WHAT Defying prototype convention by putting the engines in front
WHERE From Le Mans to North America
WHEN A decade ago...last time around
1 Ford’s ill-fated
hardly showed the
way forward, but...
2 ...nearly two
Panoz showed the
paradigm still was
valid for big-bore
sports car racing.
3 Dr. Don (at right)
reveled in beating
the world’s best
in 2002, victory was
served up by fast
in an LMP-01 Evo.
verything was better when the engines
were in front, some Indy 500 old-timers still
grumble, but physics trumped sentiment
around a half-century ago at Indy and
the roadsters were soon as dead as the
dinosaurs. They’ve had a few more roars of
defiance, though, as prototype sports cars.
The sporty-car set has always
encouraged a certain level of iconoclasm.
From Briggs Cunningham’s “Le Monstre”
to Nissan’s upcoming electric racer,
Le Mans has been a place where ideas
outside the mainstream get their chance.
On the other hand, the form-follows-function winnowing process is just as
powerful here, so when American
Le Mans Series founder Dr. Don Panoz
decided to go racing against the factory
Audi and BMW LMP1 prototypes with a
front-engined roadster in 1999, he was
definitely swimming against the tide.
The Panoz Roadster-S was a natural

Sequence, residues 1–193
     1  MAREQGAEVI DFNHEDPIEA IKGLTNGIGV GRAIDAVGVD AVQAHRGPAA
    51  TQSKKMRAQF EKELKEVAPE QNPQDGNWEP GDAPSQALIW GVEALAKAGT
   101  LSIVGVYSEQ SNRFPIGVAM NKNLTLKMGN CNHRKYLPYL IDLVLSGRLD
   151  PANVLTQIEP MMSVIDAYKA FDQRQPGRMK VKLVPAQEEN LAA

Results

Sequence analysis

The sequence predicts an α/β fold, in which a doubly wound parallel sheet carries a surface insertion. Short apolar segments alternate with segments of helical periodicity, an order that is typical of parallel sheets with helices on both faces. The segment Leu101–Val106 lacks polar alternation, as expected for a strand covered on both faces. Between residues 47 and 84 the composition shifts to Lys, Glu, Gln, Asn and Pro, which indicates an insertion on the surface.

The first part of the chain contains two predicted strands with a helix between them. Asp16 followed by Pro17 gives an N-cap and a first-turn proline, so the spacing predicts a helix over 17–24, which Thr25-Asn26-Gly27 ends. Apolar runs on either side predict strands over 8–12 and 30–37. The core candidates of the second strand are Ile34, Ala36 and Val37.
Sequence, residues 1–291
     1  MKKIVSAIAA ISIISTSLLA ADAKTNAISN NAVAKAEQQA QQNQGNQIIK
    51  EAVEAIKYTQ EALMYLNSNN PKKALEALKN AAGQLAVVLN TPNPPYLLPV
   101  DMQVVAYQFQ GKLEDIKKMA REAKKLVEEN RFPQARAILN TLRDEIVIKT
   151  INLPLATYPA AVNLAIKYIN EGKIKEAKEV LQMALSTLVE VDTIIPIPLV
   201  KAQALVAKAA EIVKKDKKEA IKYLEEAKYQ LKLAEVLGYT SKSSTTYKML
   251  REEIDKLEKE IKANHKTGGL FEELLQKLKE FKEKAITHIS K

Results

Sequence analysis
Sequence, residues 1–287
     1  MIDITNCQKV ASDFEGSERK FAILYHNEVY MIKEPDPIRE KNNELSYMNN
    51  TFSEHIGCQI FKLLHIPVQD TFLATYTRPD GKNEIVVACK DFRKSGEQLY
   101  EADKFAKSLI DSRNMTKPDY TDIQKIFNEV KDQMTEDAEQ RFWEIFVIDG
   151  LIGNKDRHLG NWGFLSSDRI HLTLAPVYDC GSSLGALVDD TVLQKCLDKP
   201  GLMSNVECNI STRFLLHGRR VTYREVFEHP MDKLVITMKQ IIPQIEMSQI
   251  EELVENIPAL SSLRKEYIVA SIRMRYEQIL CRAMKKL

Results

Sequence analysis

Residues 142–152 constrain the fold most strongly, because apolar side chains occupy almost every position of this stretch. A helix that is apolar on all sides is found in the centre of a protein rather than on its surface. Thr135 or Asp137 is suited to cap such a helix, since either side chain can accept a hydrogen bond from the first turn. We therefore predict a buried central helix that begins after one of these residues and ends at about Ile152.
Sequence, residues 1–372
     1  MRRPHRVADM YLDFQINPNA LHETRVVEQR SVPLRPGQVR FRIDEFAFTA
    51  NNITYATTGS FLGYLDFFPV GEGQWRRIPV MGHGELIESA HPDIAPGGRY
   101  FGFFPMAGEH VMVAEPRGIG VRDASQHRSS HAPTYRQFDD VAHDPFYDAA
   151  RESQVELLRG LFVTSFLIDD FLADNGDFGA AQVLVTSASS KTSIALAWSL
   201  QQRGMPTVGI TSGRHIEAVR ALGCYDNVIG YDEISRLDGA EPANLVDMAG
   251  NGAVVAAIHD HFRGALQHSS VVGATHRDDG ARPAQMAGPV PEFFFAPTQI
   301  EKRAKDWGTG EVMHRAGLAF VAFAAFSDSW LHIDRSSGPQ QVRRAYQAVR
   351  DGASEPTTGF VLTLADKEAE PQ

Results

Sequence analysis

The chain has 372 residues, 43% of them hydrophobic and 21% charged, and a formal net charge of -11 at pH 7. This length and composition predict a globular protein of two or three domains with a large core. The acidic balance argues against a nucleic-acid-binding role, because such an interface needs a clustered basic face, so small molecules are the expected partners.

progression from the Esperante GTR-1
Panoz’s team had been racing, but which
had been outlawed by the regulations at
the end of ’ 98. So, Panoz retained
Reynard – then at the height of its
influence as a constructor – to design a
prototype version. Like the Esperante, the
Roadster-S featured narrow fenders and a
wide, rounded nose which housed its Ford
engine, fed air via NACA ducts that added
to its rip-snorting appearance.
The powerplant was an echo of the
previous attempt at a front-engined sports
prototype – Ford’s Mustang GTP of the
1980s. But that project had been a weird
mix of old and new, featuring a powerful
but unreliable turbo four-banger, and
proved a big disappointment. The Panoz,
by contrast, fully embraced American iron
with a six-liter V8, and versions of the
thundering roadsters took wins in each of
the first four seasons of the ALMS. They
beat privateer Ferraris and Riley & Scotts,
as well as BMW and Audi factory entries.
At the end of 2003, however, Panoz
opted to retire his roadster prototypes in
favor of a production-based Esperante GT,
and sports prototype racing has not
featured front-engined machinery since.
But as long as the category continues
to attract contrarian thinkers, who’s to
say they won’t be back?
The Panoz Roadster
may be history,
but its patriach
continues to row
against the sports
car tide, having
radical Delta Wing
passed on. Dr. Don
Panoz was a
in the first Le Mans
Delta Wing, and
the 2013 iteration
of the car is an
CUTTING AGAINS T
THE GRAIN, STILL